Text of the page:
10 Days in China: Itinerary Ideas

by Cristina on August 20, 2012

by Cristina | August 20th, 2012  

When we think of China , there are some places which pop into our minds: the Forbidden City, The Great Wall of China and the Terracotta Army . Then, of course, you cannot not think of Pandas when you think of China.

China is a large country and you’ll need to budget for some domestic flights to get around faster. And before you make any plans, make sure to have the travel documents in order: you need a passport and a visa. If you want to enjoy good weather, plan your trip in April or September. Also, please note that you’ll actually lose a day while flying to/from China (which means the itinerary is 12 days , including flights).

Itinerary assumptions:

  • You’ll be flying into Beijing and out of Shanghai
  • You will be staying in budget hotels with easy access to the public transportation
  • Use the public transportation system to get around the cities

Day 1, 2 Beijing and the Forbidden City

There are various possibilities to get a walking tour of Beijing onto your smartphone and use it without data support while you are traveling. And it’s always a good idea to get to know the city like this. Alternatively, you can book a walking tour .

Later in the day, visit Tiananmen Square, the world’s largest public square and the most well-known landmark in Beijing. You can also visit the Museum of Chinese History and the Museum of the Chinese Revolution, but leave the Forbidden City for the next day.

In the same Dongcheng District, you can find one of the remains of the medieval city, the Drum and Bell Towers.

On day two, start by visiting the Forbidden City, the Chinese imperial palace from the Ming Dynasty to the end of the Qing Dynasty. It is now home to the Palace Museum. There is a lot to see here, so plan for spending at least half a day checking out the buildings.

The Temple of Heaven in Chongwen District , along with some remains of the medieval city – Ming Dynasty City Wall Site Park and Qianmen – are also worth your time.

The Great Wall of China is another important landmark which can be visited from Beijing. The Badaling section is the closest to the capital and, of course, the most touristy.

>>read more about Getting from Beijing to the Great Wall of China

Day 3, 4 Xi’an and the Terracotta Army

The flight from Beijing to Xi’an takes about 2 h and you can find fares around €83/US$103 one way (in mid-September 2012).

On day 3, visit the City Wall of Xi’an , which is the world’s largest city wall. It’s been restored and you can walk or bike on it. A complete loop (13.7 km takes 4-5 hours). There are also some interesting pagodas and temples to visit in the city, so are set for this day.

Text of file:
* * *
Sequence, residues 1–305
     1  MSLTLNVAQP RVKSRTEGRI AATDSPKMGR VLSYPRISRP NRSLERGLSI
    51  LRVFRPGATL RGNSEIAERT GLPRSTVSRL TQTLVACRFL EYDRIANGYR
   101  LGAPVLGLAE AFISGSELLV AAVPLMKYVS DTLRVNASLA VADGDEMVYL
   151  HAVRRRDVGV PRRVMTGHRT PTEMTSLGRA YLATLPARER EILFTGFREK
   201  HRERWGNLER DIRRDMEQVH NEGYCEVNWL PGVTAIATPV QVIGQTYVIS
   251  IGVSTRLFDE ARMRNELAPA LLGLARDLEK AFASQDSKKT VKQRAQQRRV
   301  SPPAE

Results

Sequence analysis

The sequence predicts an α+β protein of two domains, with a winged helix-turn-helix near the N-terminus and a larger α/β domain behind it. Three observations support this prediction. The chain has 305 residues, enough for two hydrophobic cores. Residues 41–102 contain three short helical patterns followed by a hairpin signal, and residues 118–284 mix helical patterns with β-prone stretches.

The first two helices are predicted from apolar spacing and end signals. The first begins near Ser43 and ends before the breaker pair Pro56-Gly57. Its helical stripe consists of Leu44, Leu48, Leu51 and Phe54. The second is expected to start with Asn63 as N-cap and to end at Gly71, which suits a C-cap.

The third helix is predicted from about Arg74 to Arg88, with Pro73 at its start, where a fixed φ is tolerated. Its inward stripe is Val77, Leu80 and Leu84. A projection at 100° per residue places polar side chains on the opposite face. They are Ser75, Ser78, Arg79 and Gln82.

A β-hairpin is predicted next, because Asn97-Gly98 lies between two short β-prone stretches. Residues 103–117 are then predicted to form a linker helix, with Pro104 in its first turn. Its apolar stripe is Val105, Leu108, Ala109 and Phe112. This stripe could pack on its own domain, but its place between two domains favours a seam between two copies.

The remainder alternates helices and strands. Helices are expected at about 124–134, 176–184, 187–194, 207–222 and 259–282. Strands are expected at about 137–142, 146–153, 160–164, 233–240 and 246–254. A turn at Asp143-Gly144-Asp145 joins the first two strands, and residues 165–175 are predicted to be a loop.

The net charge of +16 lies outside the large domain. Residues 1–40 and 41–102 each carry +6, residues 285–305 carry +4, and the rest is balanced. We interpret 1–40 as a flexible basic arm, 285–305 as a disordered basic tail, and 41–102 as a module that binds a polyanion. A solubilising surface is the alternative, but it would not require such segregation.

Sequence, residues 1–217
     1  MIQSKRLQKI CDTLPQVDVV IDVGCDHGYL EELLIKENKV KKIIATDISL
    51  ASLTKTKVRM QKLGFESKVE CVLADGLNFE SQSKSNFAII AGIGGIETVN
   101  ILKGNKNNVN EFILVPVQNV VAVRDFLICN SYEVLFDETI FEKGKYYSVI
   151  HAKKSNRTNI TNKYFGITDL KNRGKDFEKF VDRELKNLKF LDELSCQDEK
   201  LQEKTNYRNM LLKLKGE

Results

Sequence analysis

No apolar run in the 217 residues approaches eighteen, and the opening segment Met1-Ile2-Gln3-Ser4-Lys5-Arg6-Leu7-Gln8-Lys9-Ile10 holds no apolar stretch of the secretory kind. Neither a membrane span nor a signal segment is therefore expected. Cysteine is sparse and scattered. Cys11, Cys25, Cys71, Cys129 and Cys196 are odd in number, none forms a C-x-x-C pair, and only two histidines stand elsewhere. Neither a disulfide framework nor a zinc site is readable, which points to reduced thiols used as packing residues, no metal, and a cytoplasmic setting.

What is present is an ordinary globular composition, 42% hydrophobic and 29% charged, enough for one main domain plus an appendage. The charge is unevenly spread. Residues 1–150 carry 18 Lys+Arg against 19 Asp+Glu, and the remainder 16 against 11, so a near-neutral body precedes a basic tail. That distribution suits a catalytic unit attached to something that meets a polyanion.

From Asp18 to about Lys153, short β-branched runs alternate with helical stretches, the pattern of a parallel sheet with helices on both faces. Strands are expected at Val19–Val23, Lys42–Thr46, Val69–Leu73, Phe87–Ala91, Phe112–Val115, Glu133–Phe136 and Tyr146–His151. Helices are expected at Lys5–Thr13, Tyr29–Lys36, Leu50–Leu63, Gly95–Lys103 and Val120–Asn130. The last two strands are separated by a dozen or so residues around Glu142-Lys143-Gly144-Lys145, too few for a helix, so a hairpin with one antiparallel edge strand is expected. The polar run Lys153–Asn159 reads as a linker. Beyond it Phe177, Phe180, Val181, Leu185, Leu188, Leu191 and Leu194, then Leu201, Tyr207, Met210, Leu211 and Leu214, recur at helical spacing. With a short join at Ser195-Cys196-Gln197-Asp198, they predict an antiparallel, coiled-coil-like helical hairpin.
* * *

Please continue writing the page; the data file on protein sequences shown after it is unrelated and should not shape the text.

On day 4, catch bus 306 which takes you to the Army of Terracotta Warriors and Horses. A museum has been built on site but be aware that the place is very touristy.

Another interesting trip outside the city is the Banpo Village Ruins, which can be easily accessed via bus 42 from the train station. The ruins of a 6,000 years old village includes the remains of the living quarters, the burial grounds , as well as ancient tools.


>>read more about Getting from Beijing to Xi’an

Day 5 -8 Yangtze River cruise

It’s not a cheap affair , as 4-day cruises start at US$359 per person, but many travelers won’t leave China without such as experience. You can take the cruise from Chongqing to Yichang. Shop around because there are many companies offering river cruises. The scenery along the way is spectacular.

So, first catch a flight from Xi’an to Chongqing. The travel time is about 1h and the single fare starts at €58 / US$72 in mid-Sept 2012.

Day 9, 10 Shanghai

Catch a flight from Yichang to Shanghai . It takes about 1 h 45 min and the single fare starts at €39 / US$48 one way in mid-Sept 2012.

The Bund is the famous street of old colonial-era buildings and Shanghai’s Old Town is located close to it. Located along Huangpu River, the Bund is where most of the travelers choose to spend their time. You can take a ferry ride on the river and enjoy the sights (the cruise would be the more expensive choice).

The Shanghai Museum is pretty impressive and definitely worth your time. There are volunteers who offer free tours, so you get a chance to learn a lot more than if you were to visit the museum on your own.

There are also some interesting temples you can check out, such as Jade Buddha Temple, Jing’an Temple and Longhua Temple.

>>book a cheap hostel in Shanghai

Note:

If you don’t want to spend 4 days on a river cruise, then you can always stay 4 days in Beijing and 4 days in Xi’an. Both cities offer plenty of things to do and you won’t be getting bored. Or, instead of flying from city to city, you can catch a train or bus (hence spending more time traveling) and spend 3 days in both Beijing and Xi’an.

Read more about:
>>What to Eat in China
>>Things to do in Beijing
>>Things to do in Shanghai
>>Book a cheap hostel in Beijing

Photo credits: Beijing , Terracotta Army , Yangtze River , The Bund


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